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      Using Card Sorting to Design Faceted Navigation Structures

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      34th British HCI Conference (HCI2021)

      Post-pandemic HCI – Living Digitally

      20th - 21st July 2021

      Requirements Elicitation, Card Sorting, Information Architecture, Faceted Navigation, User-Centered Design (UCD), User Experience (UXD, UX)

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          Abstract

          This paper describes how a variation of card sorting- ‘repeated single-criterion sorting’, can be applied to the information architecture design of digital music services. 52 respondents were asked to sort, using their own choice of criteria, 12 popular songs using an online card sorting tool. Once respondents had chosen a construct for a particular sort, e.g. “Genre”, they placed each card into a named category, e.g. “Rock”, “Pop”, and were encouraged to repeat this process until they could think of no more constructs. High levels of agreement were found for a small number of constructs such as “genre”, “gender”, and “speed of song” but the remaining constructs were individual to each respondent, e.g. “songs that make me cry”. The results highlighted differences with current approaches to music categorisation, as well as the potential for repeated single-criterion sorting to be used to design faceted navigation structures.

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          Most cited references 31

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          Heuristic evaluation of user interfaces

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            Tempo and beat analysis of acoustic musical signals.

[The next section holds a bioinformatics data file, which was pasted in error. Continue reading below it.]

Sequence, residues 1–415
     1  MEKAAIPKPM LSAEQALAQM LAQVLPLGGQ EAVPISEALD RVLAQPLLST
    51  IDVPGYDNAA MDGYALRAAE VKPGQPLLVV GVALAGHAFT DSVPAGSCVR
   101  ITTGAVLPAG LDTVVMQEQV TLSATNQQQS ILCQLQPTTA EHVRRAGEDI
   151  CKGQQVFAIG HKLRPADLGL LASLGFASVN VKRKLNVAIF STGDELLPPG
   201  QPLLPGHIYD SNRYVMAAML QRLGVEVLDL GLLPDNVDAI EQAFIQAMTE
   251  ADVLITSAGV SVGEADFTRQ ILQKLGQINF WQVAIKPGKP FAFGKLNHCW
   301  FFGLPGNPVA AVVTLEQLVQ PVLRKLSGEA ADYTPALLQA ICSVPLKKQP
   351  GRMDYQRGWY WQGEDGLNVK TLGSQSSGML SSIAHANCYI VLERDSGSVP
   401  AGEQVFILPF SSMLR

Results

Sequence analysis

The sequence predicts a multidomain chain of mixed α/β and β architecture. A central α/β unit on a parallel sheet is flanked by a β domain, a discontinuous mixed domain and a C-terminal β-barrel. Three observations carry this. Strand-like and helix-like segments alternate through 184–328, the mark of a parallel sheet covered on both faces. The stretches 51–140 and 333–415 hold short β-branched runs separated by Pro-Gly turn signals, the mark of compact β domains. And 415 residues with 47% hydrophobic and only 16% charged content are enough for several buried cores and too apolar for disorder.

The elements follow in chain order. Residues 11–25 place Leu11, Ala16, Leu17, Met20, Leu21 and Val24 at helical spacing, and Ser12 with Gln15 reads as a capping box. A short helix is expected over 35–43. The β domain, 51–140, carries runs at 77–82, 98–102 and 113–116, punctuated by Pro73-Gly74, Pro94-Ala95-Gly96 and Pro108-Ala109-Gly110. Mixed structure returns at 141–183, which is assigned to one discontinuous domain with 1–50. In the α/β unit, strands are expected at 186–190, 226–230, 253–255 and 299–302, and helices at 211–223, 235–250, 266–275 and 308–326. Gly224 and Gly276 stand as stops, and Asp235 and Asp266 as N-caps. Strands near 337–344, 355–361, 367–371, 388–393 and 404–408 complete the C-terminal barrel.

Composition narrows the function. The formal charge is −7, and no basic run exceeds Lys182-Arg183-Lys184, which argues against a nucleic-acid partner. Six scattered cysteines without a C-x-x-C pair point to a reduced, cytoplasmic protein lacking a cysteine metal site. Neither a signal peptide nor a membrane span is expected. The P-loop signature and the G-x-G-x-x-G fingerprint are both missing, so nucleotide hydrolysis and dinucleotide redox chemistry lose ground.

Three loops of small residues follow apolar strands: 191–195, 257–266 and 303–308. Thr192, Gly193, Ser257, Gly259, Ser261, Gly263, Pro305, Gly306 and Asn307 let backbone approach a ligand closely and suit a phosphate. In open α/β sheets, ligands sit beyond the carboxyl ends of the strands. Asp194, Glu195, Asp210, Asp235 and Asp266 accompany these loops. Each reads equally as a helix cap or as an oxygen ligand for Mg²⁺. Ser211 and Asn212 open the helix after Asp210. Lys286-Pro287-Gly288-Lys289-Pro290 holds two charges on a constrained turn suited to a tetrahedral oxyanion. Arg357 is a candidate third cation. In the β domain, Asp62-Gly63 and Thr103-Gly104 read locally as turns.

E Scheirer (1998)
            A method is presented for using a small number of bandpass filters and banks of parallel comb filters to analyze the tempo of, and extract the beat from, musical signals of arbitrary polyphonic complexity and containing arbitrary timbres. This analysis is performed causally, and can be used predictively to guess when beats will occur in the future. Results in a short validation experiment demonstrate that the performance of the algorithm is similar to the performance of human listeners in a variety of musical situations. Aspects of the algorithm are discussed in relation to previous high-level cognitive models of beat tracking.
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              Representing Musical Genre: A State of the Art

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                Author and article information

                Contributors
                Conference
                July 2021
                July 2021
                : 246-255
                Affiliations
                School of Computing and Mathematics

                Keele University
                Article
                10.14236/ewic/HCI2021.26
                © Quincey et al. Published by BCS Learning & Development Ltd. Proceedings of the BCS 34th British HCI Conference 2021, UK

                This work is licensed under a Creative Commons Attribution 4.0 Unported License. To view a copy of this license, visit http://creativecommons.org/licenses/by/4.0/

                34th British HCI Conference
                HCI2021
                34
                London, UK
                20th - 21st July 2021
                Electronic Workshops in Computing (eWiC)
                Post-pandemic HCI – Living Digitally
                Product
                Product Information: 1477-9358BCS Learning & Development
                Self URI (journal page): https://ewic.bcs.org/
                Categories
                Electronic Workshops in Computing

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